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Holy Rule for Feb. 27

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  • Br. Jerome Leo
    +PAX Update on Shannon, whose eye surgery we prayed for, more scar tissue had to be removed than anticipated, but the success rate for avoiding retinal
    Message 1 of 144 , Feb 26, 2013
      +PAX

      Update on Shannon, whose eye surgery we prayed for, more scar tissue had to be removed than anticipated, but the success rate for avoiding retinal detachment is 80%. Deo gratias and continued prayers for her recovery.

      Lord, help us all as You know and will. God's will is best. All is
      mercy and grace. God is
      never absent, praise Him! Thanks so much. JL

      February 27, June 28, October 28
      Chapter 21: On the Deans of the Monastery

      If the community is a large one, let there be chosen out of it
      brethren of good repute and holy life, and let them be appointed
      deans. These shall take charge of their deaneries in all things,
      observing the commandments of God and the instructions of their
      Abbot.

      Let men of such character be chosen deans that the Abbot may with
      confidence share his burdens among them. Let them be chosen not by
      rank but according to their worthiness of life and the wisdom of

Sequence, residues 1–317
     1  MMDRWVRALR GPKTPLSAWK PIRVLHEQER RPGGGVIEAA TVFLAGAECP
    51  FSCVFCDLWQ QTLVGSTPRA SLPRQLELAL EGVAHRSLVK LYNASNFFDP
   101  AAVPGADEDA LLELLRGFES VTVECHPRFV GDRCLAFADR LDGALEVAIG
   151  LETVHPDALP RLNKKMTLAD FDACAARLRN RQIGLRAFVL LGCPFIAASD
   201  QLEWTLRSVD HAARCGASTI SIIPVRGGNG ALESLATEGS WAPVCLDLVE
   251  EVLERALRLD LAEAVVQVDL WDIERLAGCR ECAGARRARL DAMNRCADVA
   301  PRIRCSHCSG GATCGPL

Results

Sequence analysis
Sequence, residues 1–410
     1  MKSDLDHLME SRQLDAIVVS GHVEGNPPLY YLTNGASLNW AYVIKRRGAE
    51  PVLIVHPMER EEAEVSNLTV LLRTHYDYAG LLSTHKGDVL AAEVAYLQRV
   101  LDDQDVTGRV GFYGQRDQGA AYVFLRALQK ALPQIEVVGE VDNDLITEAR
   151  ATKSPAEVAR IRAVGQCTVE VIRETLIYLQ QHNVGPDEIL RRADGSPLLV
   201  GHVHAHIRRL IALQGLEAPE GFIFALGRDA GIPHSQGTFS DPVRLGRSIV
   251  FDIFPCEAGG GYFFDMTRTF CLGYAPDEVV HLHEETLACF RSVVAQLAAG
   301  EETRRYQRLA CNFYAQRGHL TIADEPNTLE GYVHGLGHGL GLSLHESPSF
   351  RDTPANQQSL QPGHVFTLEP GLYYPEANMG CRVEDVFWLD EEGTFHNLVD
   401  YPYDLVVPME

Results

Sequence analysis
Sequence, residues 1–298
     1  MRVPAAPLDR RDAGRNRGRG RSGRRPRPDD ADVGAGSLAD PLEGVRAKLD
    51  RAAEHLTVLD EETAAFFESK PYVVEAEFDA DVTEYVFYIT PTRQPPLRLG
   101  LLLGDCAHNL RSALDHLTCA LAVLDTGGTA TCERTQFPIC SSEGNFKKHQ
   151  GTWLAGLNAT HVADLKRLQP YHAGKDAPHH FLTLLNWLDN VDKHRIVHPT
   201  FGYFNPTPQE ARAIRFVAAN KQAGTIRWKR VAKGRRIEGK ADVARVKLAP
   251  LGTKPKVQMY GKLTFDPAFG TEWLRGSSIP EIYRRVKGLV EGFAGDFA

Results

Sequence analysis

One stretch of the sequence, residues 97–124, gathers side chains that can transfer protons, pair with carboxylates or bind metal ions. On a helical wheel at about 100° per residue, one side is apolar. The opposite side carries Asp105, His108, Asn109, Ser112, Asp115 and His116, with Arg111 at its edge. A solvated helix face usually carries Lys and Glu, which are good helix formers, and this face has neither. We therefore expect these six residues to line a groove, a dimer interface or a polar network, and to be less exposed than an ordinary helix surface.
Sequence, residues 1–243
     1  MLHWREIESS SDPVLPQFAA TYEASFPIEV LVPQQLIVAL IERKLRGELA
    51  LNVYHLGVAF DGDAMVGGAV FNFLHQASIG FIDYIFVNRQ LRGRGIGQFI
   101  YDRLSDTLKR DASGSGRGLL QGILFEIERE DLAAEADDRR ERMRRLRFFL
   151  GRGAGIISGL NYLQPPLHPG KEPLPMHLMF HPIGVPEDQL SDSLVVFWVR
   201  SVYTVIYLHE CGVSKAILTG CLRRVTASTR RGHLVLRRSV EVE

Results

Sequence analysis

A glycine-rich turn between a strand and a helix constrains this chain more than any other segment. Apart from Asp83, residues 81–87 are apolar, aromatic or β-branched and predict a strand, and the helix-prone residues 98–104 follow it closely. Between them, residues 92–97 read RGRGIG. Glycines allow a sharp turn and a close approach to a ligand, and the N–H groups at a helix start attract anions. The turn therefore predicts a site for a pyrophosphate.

their doctrine.

      If any of these deans should become inflated with pride and found
      deserving of censure,
      let him be corrected once, and again, and a third time. If he will
      not amend, then let him be deposed and another be put in his place
      who is worthy of it.

      And we order the same to be done in the case of the Prior.

      REFLECTION

      Did anyone read this as I did at first, many years ago, and
      wonder: "Why did St. Benedict give them an academic name
      like "deans"? Well, it was probably the other way around! Since the
      first schools were monastic ones, it is quite likely that the
      term "dean" entered academia via the Holy Rule!

      Surely the academic gown of today is a modified form of our
      Benedictine choir robe, the cowl or cuculla. In fact, Benedictines
      used to wear their cucullas with the appropriate academic hoods as
      their formal dress at graduations and the like. With all due respect
      to the johnny-come-latelies like the Dominicans, Franciscans and
      Jesuits, when they don full academic regalia, they're wearing a
      derived form of our choir habit!

      But, enough of trivia...This chapter repeats another important
      consideration in St. Benedict's plan: people are not to be
      overburdened. This theme is less noticeable than the more important
      ones of moderation and the like, but it is there. Again and again,